U.K. Labour Challenger Pledges New ‘Industrial Revolution’by and
Smith vying with Jeremy Corbyn for opposition party leadership
Leadership candidate reiterates vow for second Brexit vote
Labour Party leadership candidate Owen Smith pledged to lead Britain into another industrial revolution, creating jobs in new industries while giving Britons a second vote on membership of the European Union.
With the economy “on the cliff edge of another recession,” the Conservative Party has left Britain with the prospect of becoming the “sick man leaving Europe,” Smith said on Monday in a speech in Newcastle, northeast England.
Smith is vying to wrest the leadership of Britain’s main opposition party from Jeremy Corbyn, who has lost the confidence of most of his lawmakers while enjoying the support of the wider party membership. Smith contends that Corbyn is unable to defeat the Tories in a general election and the only way to implement Labour policies is to choose a leader who can.
“We need nothing short of a new industrial revolution,” Smith said. “I want to make Britain the workshop of the world once more.” He called on voters to “overturn the economic consensus that has dominated since the 1980s,” leaving the U.K. “too reliant on financial services” and “insecure, low-skilled, and low-paid service jobs.”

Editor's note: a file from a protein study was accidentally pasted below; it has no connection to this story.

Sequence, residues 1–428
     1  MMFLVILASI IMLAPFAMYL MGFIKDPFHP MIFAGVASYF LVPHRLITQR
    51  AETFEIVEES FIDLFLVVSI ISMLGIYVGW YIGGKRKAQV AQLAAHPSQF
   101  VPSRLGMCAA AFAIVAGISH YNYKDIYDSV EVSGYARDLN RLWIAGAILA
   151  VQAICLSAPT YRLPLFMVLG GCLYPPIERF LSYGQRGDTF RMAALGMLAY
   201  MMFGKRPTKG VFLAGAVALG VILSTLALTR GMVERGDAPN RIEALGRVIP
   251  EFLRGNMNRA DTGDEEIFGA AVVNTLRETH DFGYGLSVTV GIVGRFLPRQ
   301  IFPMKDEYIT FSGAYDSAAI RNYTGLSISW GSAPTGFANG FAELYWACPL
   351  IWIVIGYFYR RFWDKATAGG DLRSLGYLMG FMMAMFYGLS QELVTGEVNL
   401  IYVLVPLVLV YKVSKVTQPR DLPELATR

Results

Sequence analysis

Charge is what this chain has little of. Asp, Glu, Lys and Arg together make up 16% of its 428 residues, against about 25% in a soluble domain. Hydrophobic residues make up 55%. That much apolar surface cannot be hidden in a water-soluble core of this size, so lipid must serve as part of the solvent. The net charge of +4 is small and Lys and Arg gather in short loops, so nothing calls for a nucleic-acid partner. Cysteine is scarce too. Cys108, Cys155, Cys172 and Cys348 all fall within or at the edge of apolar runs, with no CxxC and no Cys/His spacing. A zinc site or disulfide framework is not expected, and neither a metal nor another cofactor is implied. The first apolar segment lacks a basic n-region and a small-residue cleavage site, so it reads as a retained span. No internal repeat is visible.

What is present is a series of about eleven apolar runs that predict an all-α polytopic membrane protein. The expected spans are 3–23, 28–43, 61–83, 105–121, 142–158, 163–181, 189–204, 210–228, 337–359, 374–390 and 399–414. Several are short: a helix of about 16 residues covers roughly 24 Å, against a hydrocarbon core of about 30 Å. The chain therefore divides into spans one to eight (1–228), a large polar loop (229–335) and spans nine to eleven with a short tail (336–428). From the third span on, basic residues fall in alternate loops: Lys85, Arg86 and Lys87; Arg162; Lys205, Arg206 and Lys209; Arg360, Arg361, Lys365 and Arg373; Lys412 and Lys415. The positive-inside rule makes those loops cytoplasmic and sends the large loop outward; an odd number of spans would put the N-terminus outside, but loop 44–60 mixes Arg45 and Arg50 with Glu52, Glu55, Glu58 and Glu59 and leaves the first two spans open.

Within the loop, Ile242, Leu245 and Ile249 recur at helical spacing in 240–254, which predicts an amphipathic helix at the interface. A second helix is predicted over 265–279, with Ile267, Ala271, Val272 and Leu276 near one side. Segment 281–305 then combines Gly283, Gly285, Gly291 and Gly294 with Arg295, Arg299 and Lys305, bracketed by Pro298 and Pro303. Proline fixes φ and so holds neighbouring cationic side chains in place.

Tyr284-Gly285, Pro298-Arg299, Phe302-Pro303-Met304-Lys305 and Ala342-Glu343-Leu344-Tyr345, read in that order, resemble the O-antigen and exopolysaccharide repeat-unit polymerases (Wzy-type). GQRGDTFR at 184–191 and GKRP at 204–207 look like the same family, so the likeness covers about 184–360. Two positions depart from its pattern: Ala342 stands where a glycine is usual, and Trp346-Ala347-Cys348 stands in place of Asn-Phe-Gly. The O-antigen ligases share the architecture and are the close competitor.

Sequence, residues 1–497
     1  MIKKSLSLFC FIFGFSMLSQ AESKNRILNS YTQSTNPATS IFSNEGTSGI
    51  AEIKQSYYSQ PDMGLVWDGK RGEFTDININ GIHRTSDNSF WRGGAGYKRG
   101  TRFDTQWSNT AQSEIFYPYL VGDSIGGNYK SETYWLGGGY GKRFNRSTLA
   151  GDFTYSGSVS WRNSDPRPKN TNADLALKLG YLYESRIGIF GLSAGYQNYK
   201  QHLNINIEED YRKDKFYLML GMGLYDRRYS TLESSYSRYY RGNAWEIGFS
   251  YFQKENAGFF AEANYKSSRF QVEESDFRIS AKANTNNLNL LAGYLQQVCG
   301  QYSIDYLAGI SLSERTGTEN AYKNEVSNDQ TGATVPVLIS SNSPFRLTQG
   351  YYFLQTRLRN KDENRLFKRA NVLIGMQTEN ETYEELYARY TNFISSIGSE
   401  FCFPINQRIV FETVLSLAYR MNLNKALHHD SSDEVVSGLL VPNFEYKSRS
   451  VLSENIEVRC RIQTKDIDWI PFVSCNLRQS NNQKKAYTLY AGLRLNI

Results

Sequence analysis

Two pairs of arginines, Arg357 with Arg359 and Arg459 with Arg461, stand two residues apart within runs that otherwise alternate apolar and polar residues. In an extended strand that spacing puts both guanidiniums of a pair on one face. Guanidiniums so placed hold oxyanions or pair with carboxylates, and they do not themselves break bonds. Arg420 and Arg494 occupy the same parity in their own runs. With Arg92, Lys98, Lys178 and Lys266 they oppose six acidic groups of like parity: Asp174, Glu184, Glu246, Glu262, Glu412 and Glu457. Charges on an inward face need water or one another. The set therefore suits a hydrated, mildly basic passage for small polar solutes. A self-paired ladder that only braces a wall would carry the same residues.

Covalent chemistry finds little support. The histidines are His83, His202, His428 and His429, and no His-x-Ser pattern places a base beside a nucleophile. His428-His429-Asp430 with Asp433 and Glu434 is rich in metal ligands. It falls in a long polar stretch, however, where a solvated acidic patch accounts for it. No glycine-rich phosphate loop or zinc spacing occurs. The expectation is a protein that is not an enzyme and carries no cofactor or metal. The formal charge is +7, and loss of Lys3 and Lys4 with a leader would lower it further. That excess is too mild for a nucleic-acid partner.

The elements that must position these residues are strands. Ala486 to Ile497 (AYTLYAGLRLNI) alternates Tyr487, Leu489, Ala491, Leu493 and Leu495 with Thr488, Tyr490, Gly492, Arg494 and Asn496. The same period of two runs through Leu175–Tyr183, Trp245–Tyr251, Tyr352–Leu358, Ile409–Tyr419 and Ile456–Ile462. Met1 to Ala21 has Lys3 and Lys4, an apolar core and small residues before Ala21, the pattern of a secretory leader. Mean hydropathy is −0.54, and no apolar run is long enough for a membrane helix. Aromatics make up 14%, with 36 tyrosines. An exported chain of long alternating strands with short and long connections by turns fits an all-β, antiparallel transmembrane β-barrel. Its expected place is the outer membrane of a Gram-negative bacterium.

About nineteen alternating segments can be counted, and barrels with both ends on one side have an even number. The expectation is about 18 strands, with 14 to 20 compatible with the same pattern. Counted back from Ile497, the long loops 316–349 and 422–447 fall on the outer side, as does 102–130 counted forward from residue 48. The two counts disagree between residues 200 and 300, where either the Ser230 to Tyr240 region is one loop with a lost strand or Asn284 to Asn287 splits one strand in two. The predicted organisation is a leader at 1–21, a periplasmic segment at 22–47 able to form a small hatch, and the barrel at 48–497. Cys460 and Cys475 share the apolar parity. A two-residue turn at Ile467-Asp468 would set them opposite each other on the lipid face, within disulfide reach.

According to Smith, the government the must back “the industries and jobs of the future,” with a strategy to “support our existing industries such as the automotive industry, but also new industries where we can develop a competitive advantage.”
Smith pledged billions of pounds of investment in green technology and infrastructure projects, and repeated a promise to put the results of Britain’s Brexit negotiation to the public, saying voters “must be offered an opportunity to sign off the terms of a Tory deal on Europe.”
Smith’s campaign faces further headwinds after the High Court in London ruled on Monday that five Labour members who joined after Jan. 12 could vote in the party’s leadership election.
Labour had banned recent joiners from voting unless they paid an extra 25 pounds ($33), but the court’s decision now opens the door for 127,000 extra members to vote. Labour’s finance spokesman John McDonnell, a Corbyn ally, called the result “a huge victory for Labour Party members and democracy.”
The odds on a Corbyn victory shortened to 94 percent from 91 percent, according to bookmaker William Hill Plc. Labour is to appeal the ruling.
The struggle for Labour’s future has left some of its lawmakers despondent. MP David Lammy, a former junior minister, said on BBC Radio 4 on Sunday he feels “serially depressed at what the Labour Party is doing to itself,” adding that “the public are not going to thank us for it.”